The Feasibility, Effectiveness and Ethics of Restoring the Great Pyramids.

Is Restoring The Pyramid(s) Ethical or Feasible?


  • Total voters
    10
Jun 2015
44
Tennessee, United States
Thankfully, the Great Pyramids at the Giza complex (and many others throughout Egypt) have endured the ages; however, largely thanks to nearby building projects of the past, their outer casings have been lost to time. Unfortunately, this leaves them more vulnerable to damage and erosion than they would have normally been. Thinking about this, I wondered if a restoration of their outer casings would significantly increase their length of survival.

The problem of the Ship of Theseus came to mind: would it be ethical to replace the outer casings (or restoring what remains of them, where applicable)? Would they still fundamentally be the same structure? To this question, I believe that it would still be in the spirit of the Pyramids; as long as the structure itself is what remains, then restoring the casing stones would just be returning them to their intended state and preserve their inner structure.

The next questions would be feasibility and effectiveness, essentially, how much effort would it be to do so, and how much labor would it save us in the future? An estimate I saw on a popular website (How Much Would It Cost to Build the Great Pyramid Today?) gave five billion US$ (US$ 5,000,000,000) as an estimate for the construction of the Pyramid, should it be attempted today. Assuming their estimate is correct (and, believe me, I have serious doubts as to that end), it should be considerably cheaper to simply replace the outer covering, correct? However, this is only for ONE of them, not the entire complex, and certainly not including the Red Pyramid. Then is the question of how much labor is saved. The Great Pyramid has already undergone considerable restoration due to weathering in recent times. I am not an architect or engineer, so I do not consider it my place to pontificate on such a matter.

What are your thoughts on whether such a project could and/or should be done?
 

Bart Dale

Ad Honorem
Dec 2009
7,095
There is nothing wrong with restoring the pyramid, and it is possible, but it wouldn't be worth the money. There would be far better uses of the money required.
 

Ichon

Ad Honorem
Mar 2013
3,775
Firstly "in the spirit of" doesn't seem feasible when talking such historical monument. White stone with inscriptions based on? Just descriptions from a few sources. Why stop at only the outer layer, could rebuild entire complex with modern conveniences since it would be only tourist trip.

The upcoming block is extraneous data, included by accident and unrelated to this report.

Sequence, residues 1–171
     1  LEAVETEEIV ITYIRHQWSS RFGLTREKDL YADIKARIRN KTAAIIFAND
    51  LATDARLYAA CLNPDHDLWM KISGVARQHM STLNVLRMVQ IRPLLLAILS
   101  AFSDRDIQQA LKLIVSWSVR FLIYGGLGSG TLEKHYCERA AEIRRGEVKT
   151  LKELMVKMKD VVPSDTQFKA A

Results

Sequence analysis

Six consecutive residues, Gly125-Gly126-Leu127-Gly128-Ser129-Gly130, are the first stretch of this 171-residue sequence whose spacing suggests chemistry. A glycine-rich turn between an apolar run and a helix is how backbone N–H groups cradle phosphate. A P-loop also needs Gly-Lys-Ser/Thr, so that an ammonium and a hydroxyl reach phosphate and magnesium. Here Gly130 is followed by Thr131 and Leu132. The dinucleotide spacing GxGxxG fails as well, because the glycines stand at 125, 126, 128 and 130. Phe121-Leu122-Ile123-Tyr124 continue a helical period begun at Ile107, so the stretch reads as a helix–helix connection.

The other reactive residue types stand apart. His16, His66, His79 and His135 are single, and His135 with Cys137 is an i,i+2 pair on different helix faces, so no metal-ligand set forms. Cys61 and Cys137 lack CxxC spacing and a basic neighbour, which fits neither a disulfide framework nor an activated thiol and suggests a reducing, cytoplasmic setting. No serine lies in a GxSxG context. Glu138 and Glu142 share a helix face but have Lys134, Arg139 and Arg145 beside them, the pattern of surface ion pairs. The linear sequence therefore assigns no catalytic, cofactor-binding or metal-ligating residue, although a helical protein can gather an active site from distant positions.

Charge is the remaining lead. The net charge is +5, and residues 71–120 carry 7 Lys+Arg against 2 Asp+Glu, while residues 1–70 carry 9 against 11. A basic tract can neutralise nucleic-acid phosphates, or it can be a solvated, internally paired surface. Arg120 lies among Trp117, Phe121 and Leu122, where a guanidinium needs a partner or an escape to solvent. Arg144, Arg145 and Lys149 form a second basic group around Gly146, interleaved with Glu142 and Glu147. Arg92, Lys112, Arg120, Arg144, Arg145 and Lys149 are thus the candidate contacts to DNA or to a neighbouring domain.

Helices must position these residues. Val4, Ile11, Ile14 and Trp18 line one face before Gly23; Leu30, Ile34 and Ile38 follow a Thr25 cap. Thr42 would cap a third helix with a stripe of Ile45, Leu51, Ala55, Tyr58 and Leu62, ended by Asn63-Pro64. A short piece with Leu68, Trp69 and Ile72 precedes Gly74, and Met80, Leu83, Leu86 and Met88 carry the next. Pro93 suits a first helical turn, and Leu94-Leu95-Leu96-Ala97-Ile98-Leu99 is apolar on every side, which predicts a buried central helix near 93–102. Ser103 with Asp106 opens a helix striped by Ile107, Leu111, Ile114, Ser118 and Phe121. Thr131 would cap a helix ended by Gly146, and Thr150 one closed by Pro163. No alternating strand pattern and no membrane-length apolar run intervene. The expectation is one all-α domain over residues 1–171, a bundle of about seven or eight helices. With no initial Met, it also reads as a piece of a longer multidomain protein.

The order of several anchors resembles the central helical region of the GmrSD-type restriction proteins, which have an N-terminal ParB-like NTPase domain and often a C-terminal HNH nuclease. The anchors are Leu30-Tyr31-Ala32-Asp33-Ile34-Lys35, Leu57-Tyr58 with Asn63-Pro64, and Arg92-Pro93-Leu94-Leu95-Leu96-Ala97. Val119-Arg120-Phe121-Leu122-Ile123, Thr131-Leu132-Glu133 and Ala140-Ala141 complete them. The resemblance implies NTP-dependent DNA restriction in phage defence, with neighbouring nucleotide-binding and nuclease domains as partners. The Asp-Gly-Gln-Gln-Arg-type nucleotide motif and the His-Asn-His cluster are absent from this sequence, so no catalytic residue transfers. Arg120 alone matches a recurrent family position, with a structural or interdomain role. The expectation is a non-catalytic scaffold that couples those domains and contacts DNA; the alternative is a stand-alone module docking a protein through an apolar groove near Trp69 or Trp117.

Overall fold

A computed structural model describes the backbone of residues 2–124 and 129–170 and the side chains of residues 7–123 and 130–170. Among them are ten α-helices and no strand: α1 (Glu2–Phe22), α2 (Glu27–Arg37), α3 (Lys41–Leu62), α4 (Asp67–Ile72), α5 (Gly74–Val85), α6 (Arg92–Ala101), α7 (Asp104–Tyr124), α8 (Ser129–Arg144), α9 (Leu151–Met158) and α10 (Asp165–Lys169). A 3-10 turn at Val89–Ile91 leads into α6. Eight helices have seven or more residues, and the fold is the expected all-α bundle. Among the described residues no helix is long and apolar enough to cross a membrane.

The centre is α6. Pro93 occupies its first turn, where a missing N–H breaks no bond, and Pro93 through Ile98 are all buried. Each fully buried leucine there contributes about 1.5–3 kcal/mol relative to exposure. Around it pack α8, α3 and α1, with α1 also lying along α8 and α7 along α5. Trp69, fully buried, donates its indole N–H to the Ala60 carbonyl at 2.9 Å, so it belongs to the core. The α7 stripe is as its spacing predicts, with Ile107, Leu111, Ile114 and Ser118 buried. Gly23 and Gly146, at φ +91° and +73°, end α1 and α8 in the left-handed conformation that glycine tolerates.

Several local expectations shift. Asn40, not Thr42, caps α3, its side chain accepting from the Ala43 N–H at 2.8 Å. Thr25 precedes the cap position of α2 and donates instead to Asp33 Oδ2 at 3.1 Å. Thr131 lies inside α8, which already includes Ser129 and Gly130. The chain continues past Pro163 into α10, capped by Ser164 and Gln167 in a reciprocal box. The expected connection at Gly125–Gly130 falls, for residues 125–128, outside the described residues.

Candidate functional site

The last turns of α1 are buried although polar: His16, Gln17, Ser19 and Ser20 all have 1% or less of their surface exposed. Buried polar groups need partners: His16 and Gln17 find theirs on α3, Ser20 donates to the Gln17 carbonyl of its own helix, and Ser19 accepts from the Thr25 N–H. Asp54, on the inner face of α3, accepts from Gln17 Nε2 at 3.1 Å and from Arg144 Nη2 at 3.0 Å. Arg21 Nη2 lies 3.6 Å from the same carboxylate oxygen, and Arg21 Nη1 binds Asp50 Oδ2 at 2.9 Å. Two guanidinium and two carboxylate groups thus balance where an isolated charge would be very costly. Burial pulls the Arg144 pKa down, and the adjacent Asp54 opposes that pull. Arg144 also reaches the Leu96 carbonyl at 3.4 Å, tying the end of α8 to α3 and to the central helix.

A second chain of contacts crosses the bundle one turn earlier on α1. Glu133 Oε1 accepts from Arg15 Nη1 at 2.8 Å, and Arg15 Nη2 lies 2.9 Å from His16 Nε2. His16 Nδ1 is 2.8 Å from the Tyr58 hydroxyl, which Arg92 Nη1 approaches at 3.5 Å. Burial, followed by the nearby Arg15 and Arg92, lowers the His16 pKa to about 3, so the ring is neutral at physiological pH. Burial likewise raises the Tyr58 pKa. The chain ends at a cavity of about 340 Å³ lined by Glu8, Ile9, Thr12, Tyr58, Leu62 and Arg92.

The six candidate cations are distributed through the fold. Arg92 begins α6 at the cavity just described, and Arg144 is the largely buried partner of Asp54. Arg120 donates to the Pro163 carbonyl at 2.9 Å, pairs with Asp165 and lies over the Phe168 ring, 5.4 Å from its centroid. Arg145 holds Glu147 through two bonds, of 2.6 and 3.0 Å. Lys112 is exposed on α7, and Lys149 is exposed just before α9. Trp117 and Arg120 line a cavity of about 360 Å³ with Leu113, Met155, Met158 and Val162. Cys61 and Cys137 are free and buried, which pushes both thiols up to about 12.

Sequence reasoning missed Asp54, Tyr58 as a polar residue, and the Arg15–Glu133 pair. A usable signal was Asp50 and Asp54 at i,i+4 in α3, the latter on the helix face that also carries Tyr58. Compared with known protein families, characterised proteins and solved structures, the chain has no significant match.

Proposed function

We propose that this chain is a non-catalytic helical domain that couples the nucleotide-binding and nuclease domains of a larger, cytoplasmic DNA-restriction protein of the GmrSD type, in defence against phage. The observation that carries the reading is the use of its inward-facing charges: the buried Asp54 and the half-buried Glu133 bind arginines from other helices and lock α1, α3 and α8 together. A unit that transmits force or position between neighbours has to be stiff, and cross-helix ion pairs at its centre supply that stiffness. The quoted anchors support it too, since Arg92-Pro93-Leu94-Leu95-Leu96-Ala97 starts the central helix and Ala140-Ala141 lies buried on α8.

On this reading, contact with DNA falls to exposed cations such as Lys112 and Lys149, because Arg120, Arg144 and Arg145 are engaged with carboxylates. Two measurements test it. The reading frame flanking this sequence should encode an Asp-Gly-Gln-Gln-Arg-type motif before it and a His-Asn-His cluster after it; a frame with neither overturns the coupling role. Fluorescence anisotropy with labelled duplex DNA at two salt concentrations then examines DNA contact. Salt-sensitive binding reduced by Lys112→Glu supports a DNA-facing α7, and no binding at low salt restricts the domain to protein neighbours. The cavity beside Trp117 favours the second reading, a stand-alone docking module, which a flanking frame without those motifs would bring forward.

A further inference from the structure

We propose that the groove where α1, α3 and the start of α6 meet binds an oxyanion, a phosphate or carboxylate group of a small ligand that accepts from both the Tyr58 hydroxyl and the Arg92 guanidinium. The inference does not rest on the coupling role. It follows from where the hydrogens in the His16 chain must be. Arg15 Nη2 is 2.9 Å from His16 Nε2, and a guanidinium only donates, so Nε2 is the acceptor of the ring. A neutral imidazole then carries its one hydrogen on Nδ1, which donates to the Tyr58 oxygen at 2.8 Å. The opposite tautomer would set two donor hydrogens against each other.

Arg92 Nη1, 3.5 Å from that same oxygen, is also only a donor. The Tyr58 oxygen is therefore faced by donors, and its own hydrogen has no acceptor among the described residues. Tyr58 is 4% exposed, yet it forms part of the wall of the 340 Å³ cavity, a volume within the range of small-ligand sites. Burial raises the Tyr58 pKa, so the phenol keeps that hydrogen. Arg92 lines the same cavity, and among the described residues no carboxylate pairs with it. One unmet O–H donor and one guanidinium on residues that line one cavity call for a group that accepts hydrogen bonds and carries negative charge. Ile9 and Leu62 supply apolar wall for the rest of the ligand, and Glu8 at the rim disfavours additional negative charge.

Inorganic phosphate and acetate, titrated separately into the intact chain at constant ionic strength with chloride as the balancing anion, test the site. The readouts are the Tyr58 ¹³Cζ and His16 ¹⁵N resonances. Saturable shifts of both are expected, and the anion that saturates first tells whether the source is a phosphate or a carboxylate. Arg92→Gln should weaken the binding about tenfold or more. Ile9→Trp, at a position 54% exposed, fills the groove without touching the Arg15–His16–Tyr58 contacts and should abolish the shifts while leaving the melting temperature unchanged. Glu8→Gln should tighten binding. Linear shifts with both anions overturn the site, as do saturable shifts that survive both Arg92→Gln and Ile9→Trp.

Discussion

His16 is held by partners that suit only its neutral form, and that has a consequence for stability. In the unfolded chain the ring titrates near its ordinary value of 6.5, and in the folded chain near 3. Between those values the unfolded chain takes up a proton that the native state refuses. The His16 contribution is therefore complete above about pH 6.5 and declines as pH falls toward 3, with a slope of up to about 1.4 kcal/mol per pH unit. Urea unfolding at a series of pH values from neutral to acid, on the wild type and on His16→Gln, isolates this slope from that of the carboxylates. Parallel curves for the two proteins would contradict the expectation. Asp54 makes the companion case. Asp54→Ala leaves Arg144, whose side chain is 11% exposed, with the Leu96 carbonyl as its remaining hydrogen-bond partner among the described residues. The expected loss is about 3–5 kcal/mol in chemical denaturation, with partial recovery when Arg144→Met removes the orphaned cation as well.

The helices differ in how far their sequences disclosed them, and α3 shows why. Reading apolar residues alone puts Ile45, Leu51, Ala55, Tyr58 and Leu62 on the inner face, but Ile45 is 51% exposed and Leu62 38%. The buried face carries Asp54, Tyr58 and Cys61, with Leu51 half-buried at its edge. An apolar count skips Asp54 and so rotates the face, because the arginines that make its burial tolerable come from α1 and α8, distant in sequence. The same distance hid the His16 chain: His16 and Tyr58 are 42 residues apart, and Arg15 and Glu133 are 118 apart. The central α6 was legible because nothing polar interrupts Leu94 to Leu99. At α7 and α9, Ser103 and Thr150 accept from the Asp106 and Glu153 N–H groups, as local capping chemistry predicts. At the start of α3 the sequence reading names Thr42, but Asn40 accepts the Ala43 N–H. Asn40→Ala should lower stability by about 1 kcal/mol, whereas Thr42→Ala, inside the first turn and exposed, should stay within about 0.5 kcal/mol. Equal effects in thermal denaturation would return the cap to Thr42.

It is not ethical because Egypt has far greater problems that money could be used towards. If anything spread out the restoration funds to cover several sites as despite such money benefiting tourists rather than Egyptians directly, at least indirectly tourism income could benefit Egyptians.
 

notgivenaway

Ad Honorem
Jun 2015
5,787
UK
yes. why not? It's a common human heritage, and shows the true skill of what we're capable of. And no, I don't believe aliens built them. We did, but the knowledge got lost. Civilisation can regress as well as progress.
 
Jul 2015
66
Bender Qasim
It would reckon it to be feasible but not ethical since t i would think Egypt cant afford it right now with all the political economical instabilities that befall the country.

Unless there is a huge need from a endangered heritage perspective , which i very much doubt. i think it would be best to let it be.

But if Egypt is bold enough to do it they can be my guest.

Btw If people already didnt know The Great Pyramid of Giza was already altered.

Somone pointed it out in another thread about it having a limestone casin, before it was removed by arab conquerors.

supposedly the Great Pyramid of Giza was originally encased in highly polished, smooth white limestone and capped, according to legend, by a perfect pyramid of black stone, probably onyx. Covering an area of 22 acres the white limestone casing was removed by an Arab sultan in AD 1356 in order to build mosques and fortresses in nearby Cairo.

Herodotus, visiting in the fifth century BC, reported that inscriptions of strange characters were to be found on the pyramid's casing stones. In AD 1179 the Arab historian Abd el Latif recorded that these inscriptions were so numerous that they could have filled "more than ten thousand written pages." William of Baldensal, a European visitor of the early fourteenth century, tells how the stones were covered with strange symbols arranged in careful rows. Sadly, in 1356, following an earthquake that leveled Cairo, the Arabs robbed the pyramid of its beautiful casing of stones to rebuild mosques and fortresses in the city. As the stones were cut into smaller pieces and reshaped, all traces of the ancient inscriptions were removed from them. A great library of ageless wisdom was forever lost.
 

notgivenaway

Ad Honorem
Jun 2015
5,787
UK
Many countries should. I'd be happy for Mr. Cameron to offer funds. Budget deficits aside, it won't break the bank. I'm sure Obama, or Merkel, or even President Xi wouldn't mind.
 

zincwarrior

Ad Honorem
Jun 2012
5,713
Texas
Many countries should. I'd be happy for Mr. Cameron to offer funds. Budget deficits aside, it won't break the bank. I'm sure Obama, or Merkel, or even President Xi wouldn't mind.
Of course they wouldn't mind. Its not their money. I find it much easier to give away someone else's money.

Should the US give money? Of course not. Unless you are moving the pyramids to Kansas City, its not beneficial to the US in the least.

Frankly if we're buying pyramids I'd rather go for some nice Central American ones. The Pyramid of the Sun is much cooler.